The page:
7 Exercises you need to avoid


Lord of Penmai
Jul 5, 2011
7 Exercises you need to avoid

Although it is true that there are no such things as "bad" exercises, certain faulty techniques can make an exercise useless and compromising.

While some of these exercises aren't optimal for fitness, some others should be avoided as they can easily lead to injury. However, it is important to understand that they are not always unsafe or unproductive. Adopting or avoiding any exercise technique depends on an individual's personal fitness goals and objectives. Read on to know more about these common red flags...

Spot reduction exercises:
An ineffective method of 'burning fat' followed by many people is spot reduction. The popularity of this belief can be largely attributed to the many exercise gimmicks that we often see in infomercials regarding localized weight reduction. But always keep in mind that weight loss can never be isolated to a particular area. Localized strengthening and toning exercises will only help to firm muscles but will have no effect on the fat content of the target area. A better alternative is to adopt a well-rounded full-body weight reduction program.

Leg extensions (Seated):
A very popular exercise for working the anterior thigh muscles, seated leg extensions are actually one of the most dangerous exercises in the gym. This is because the exercise places an unhealthy amount of stress on the knee joint. According to a research published in the "Journal of Orthopaedic and Sports Physical Therapy", individuals who worked on the leg extension machines found no benefit during functional tests. This can be particularly dangerous for those who have any kind of knee problems. Safer alternatives are simple lunges and squats without any added weights.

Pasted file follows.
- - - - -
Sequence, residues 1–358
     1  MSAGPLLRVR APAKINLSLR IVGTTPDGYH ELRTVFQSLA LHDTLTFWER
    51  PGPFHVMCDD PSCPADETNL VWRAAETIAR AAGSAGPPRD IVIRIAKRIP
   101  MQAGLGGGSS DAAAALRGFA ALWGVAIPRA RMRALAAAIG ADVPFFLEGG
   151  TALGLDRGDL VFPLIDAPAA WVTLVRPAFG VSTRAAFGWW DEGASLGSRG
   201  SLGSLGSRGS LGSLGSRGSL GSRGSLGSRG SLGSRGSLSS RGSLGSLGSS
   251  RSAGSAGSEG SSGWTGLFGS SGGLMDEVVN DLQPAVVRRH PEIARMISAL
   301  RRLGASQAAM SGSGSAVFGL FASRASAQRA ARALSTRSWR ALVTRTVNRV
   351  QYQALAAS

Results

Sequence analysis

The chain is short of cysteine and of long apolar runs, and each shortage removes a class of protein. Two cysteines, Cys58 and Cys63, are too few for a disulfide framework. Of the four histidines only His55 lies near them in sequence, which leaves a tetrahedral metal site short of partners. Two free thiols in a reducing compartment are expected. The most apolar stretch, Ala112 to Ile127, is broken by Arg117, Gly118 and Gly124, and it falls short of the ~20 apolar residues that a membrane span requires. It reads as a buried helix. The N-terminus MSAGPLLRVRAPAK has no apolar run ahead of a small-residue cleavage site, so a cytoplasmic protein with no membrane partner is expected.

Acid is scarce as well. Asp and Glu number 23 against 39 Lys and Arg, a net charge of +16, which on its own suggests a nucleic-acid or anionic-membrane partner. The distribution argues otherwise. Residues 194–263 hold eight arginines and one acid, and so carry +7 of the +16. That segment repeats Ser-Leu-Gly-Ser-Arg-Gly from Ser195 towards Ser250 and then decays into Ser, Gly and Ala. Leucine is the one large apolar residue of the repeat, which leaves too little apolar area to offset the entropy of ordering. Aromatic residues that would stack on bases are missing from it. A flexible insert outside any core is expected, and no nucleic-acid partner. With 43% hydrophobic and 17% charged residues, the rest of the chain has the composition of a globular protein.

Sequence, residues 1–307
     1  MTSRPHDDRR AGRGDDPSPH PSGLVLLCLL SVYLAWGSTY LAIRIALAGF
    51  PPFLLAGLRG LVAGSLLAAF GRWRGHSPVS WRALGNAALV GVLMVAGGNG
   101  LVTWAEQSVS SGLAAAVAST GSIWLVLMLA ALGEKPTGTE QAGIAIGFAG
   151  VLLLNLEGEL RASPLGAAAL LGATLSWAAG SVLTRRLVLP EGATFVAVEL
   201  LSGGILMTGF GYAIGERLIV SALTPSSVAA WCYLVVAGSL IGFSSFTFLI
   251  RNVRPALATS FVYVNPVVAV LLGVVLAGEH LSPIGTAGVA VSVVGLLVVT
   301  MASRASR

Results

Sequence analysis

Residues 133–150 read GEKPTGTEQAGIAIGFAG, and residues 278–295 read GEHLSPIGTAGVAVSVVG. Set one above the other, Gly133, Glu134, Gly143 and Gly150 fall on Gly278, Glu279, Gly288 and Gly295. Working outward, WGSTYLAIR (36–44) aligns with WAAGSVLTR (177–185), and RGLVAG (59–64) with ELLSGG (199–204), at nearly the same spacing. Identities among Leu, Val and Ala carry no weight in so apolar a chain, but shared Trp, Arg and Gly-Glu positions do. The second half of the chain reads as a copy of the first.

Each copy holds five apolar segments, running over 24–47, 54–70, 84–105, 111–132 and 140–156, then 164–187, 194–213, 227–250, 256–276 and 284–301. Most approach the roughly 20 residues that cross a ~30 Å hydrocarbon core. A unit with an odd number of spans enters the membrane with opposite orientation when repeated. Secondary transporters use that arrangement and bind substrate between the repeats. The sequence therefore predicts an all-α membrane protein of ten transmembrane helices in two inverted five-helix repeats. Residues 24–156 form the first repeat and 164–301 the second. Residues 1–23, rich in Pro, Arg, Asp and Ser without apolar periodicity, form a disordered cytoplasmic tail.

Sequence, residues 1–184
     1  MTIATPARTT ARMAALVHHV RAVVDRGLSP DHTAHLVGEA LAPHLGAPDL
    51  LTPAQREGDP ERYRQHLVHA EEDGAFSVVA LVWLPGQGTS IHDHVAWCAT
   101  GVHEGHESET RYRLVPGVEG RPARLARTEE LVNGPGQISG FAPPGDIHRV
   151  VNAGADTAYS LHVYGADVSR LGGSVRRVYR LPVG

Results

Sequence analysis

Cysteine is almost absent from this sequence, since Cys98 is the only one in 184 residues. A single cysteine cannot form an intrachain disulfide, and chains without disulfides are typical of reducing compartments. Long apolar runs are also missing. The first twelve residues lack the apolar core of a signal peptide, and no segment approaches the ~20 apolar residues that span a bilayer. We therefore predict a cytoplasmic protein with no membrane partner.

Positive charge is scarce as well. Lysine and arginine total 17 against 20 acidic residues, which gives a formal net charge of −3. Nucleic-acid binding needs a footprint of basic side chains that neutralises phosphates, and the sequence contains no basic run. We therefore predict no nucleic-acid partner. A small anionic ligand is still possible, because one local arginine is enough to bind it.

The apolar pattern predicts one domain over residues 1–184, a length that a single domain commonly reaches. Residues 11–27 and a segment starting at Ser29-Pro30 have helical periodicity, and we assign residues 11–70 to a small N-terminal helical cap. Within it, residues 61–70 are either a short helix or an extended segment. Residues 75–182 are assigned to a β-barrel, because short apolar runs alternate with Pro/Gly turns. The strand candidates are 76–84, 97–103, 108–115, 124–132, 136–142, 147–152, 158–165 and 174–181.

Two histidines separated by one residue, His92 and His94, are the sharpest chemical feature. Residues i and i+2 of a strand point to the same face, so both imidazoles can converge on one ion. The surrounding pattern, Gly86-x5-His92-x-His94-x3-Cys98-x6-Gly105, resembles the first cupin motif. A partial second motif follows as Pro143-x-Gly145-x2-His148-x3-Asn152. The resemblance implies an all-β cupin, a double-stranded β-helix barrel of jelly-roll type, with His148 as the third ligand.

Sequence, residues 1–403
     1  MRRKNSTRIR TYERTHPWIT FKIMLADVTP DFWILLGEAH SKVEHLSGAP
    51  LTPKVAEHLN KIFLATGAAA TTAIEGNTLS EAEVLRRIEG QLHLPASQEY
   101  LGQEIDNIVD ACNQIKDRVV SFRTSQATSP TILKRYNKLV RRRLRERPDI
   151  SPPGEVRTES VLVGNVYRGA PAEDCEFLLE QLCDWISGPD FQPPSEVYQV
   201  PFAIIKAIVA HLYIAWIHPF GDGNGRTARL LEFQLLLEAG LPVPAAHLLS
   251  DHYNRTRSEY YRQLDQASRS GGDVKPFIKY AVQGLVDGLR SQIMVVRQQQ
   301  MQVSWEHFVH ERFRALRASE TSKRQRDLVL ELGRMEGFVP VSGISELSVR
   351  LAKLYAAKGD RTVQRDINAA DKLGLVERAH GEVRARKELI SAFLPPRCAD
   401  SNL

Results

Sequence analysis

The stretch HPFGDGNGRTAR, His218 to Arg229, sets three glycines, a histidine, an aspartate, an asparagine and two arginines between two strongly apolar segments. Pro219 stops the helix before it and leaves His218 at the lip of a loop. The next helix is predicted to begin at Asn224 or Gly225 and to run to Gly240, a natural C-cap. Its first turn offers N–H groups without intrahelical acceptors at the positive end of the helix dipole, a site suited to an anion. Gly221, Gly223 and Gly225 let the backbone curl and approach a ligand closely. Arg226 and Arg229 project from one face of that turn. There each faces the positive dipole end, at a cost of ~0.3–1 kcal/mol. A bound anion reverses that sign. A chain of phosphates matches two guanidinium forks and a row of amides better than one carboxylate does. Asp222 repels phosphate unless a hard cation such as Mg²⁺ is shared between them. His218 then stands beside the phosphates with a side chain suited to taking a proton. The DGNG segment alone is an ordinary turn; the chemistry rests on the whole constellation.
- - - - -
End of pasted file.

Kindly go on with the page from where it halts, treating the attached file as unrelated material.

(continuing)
Leg press:
Another form of exercise that should be avoided is the leg press as this can place undue amount of stress on the lower back. This can thus predispose a person to low back injuries. Although, many claim that seated leg press exercises can train your hams, quadriceps and gluts, in reality, it does not engage these muscles at all. All it does is force the spine into a flexed position. Hence, instead of this, try working on body weight squats.

Seated abduction or adduction:
Just like leg press, seated abduction/adduction movements can place great amounts of stress on your spine. Also, such movements only train these muscles as prime movers. But, in reality, during actual physical activity, they are used only as stabilizers and not as prime movers. An easy and effective alternative is lunges which can be used to train these muscles for their actual purpose of stabilizing.

Leg curls:
According to strength and conditioning coach, Charlie Weingroff, exercises like deadlifts are more effective than leg curls. This is because the latter trains the hams only as knee flexors while, during activity, they are used mainly as hip extensors.

Sit ups:
As per the recommendations by the National Institute for Occupational Safety and Health (NIOSH), a person should never apply more than 3400 newtons of force on his back at a time. Crossing this limit would place unnecessary stress on the back muscles leading to stress or injury. On an average, a regular sit-up program contributes around 3413 newtons of force on the back muscles. To avoid this, opt for short range crunch movements or tabletops.

Lat pulldown exercises (behind the head):
This is a big "no-no" without proper form, as this may affect your shoulder joint functioning. Only those with extreme shoulder joint flexibility can opt for this exercise and that too, with extreme care for correct form. A better alternative for working your lats is by pulling the bar towards your chest and not behind the head. But, remember to keep your spine straight and abs pulled in while performing this.


Commander's of Penmai
May 28, 2011
new info viji...

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